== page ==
By Keith McCormick, Jesus Salcedo, Aaron Poh

Some immediate help comes directly from the IBM SPSS Statistics software package. More help can be found online. If you find yourself stumped, you can look for help in several places:

  • Topics: Choosing Help→Topics from the main window of the SPSS application is your gateway to immediate help. The help is somewhat terse, but it usually provides exactly the information you need. The information is in one large Help document, presented one page at a time. Choose Contents to select a heading from an extensive table of contents, choose Index to search for a heading by entering its name, or choose Search to enter a search string inside the body of the Help text.

    In the Help directory, the titles in all uppercase are descriptions of Syntax language commands.

  • Tutorial: Choose Help→Tutorial to open a dialog box with the outline of a tutorial that guides you through many parts of SPSS. You can start at the beginning and view each lesson in turn, or you can select your subject and view just that.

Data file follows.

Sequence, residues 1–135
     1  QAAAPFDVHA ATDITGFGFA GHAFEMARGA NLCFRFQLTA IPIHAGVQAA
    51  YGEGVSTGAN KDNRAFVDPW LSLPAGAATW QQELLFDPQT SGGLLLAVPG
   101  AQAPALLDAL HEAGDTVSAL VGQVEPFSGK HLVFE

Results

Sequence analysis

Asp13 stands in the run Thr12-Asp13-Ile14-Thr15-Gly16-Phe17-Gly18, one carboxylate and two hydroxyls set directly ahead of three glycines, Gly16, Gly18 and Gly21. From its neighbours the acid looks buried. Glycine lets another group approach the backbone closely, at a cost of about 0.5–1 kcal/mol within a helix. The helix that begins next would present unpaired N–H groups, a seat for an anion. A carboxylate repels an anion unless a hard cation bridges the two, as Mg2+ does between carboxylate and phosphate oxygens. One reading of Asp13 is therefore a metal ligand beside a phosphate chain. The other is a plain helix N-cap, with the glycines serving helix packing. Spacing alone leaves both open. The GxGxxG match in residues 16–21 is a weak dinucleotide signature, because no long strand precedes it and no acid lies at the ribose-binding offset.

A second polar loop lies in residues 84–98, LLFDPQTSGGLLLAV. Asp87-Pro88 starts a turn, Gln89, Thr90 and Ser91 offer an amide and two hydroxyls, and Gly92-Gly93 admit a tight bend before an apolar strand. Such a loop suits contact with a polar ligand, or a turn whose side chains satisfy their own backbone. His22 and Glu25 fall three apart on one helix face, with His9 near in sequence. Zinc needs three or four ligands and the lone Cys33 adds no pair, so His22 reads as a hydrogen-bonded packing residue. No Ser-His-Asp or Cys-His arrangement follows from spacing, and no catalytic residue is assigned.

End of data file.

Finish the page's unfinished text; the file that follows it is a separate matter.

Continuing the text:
• Case Studies: Choose Help→Case Studies to open a dialog box containing examples in a format similar to that of the Tutorial. You can select titles from the outline and view descriptions and examples of specific instances of using SPSS. You can also find descriptions of the different types of calculations. If some particular analysis type is eluding your comprehension, this is a good place to look.

  • Statistics Coach: Choose Help→Statistics Coach if you have a good idea of what you want to do but you need some specific information on how to go about doing it.

  • Command Syntax Reference: Choose Help→Command Syntax Reference to display more than 2,000 pages of references to the Syntax language in your PDF viewer. The regular Help topics, mentioned earlier, provide a brief overview of each topic, but this document is much more detailed.

  • Algorithms: Choose HelpAlgorithms to get detailed information on how processes work internally. This is where you can dive far down into the internals. If you want to take a look at the math and how it’s applied, this is where you should start.